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5 Caffeine-Free Ways to Beat the Midday Slump

How to focus, boost energy, and improve productivity—no coffee required.

You’re staring at your computer monitor, watching your mouse cursor blink—it's taunting your efforts to focus. You try your hardest to zone in on your project, but before long, your eyes are falling to the hands of your watch and the staring contest resumes. It’s 3pm. You’re tired. Everyone’s tired. It’s the midday slump that lasts an eternitybut it doesn’t have to. And you don’t need to stick your head in the freezer for a quick jolt either.

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With these simple tips and tricks, you can conquer fatigue and sluggishness. You can remain alert, energetic, and focused all day long by shuffling these five activities into your daily routine. Easy, science-backed pick-me-ups; it doesn’t get any simpler than this. 

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Snack on Dark Chocolate

Stash dark chocolate (at least 60 percent cacao) in your desk drawer for a quick boost. Dark chocolate is chock-full of powerful stimulants that lower blood pressure and widen blood vessels, which helps more blood and oxygen get to key parts of the brain, a Northern Arizona University study found. Just a piece or a bite can improve attention and make you more alert (so don't go too crazy.)

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Listen to Music

Pop on some headphones. According to a study conducted by Mindlab International on behalf of MusicWorks, music is essential for productivity and performance in the workplace. Depending on the type of work you do, there’s even an optimal genre. Listen to classical music if you deal with numbers or need to pay special attention to detail like spell checking; pop music is best for individuals who work on deadlines or data entry; ambient music (like background music or "elevator music") is best for problem-solving professions; and dance music helped study participants earn the highest overall accuracy and fastest performance ratings across all work tasks.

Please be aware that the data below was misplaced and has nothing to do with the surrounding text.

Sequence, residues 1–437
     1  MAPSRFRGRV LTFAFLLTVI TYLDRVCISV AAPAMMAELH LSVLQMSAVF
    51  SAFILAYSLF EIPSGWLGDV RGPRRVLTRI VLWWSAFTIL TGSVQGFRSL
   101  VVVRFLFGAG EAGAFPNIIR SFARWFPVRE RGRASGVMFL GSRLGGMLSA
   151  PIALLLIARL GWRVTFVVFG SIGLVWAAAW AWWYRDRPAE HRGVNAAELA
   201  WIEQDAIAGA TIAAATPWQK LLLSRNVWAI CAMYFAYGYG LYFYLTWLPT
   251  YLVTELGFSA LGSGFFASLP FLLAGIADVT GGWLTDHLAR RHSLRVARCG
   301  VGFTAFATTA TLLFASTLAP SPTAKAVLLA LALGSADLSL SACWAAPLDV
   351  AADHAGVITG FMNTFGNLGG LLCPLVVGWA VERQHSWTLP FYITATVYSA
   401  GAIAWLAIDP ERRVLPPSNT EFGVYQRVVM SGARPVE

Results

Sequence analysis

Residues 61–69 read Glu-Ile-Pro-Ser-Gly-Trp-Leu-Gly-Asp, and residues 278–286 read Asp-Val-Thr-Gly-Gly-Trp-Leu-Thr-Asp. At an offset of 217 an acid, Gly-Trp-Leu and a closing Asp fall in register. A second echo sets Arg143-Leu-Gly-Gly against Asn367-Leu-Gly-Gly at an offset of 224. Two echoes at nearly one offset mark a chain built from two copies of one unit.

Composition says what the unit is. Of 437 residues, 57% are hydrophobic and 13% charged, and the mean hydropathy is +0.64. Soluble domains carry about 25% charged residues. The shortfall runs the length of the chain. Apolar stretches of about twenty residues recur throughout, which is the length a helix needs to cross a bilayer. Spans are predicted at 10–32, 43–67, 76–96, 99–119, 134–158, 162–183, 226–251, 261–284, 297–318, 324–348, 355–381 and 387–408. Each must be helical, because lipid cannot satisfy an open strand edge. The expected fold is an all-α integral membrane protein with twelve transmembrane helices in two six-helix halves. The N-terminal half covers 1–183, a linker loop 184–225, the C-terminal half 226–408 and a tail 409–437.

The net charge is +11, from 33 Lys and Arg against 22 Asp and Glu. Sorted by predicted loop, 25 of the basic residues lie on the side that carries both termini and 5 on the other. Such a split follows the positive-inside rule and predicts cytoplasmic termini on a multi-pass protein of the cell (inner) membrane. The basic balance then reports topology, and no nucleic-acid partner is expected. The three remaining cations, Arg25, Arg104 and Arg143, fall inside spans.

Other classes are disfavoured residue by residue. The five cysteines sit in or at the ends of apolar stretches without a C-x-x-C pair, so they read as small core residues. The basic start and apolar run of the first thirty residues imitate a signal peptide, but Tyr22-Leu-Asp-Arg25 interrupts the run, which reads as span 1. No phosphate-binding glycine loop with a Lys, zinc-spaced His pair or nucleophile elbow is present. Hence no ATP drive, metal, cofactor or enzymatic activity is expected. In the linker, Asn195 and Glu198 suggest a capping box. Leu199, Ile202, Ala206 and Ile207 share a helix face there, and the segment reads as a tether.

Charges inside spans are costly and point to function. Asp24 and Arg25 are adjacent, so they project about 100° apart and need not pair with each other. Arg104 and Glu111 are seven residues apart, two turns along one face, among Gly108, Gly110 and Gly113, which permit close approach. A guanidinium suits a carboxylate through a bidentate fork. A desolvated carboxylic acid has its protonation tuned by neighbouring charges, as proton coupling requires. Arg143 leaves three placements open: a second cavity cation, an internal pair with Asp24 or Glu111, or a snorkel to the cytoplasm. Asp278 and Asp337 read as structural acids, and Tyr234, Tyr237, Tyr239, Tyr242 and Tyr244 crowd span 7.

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Sneak in a Midday Workout

Take advantage of your lunch hour and hit the gym, ride a bike, or go for a walk or run. You can increase your energy levels by 20 percent and decrease fatigue by 65 percent just by engaging in regular, low-intensity exercise, according to a University of Georgia study. Exercise has a holistic effect on the body and mind; even if you’re feeling lethargic, after the first few minutes of exercise, you’ll begin to feel a difference in energy levels. 

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Take a Quick Walk

This is harder for city-dwellers, but there’s always a park (or patch of grass) nearby. Find a spot and go there every day—being outside in nature can help you feel more alive, boosting your feelings of vitality, a study from the University of Rochester found. In fact, the energizing effects of the outdoors can even trump that of social interaction and exercise. 

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Chat with a witty co-worker, surf the web for a treadmill-fail video, or hit up Imgur for the latest trending meme. Do anything that will make you laugh—you’ll improve your mood and feel more energized, according to research from the University of Nebraska. 

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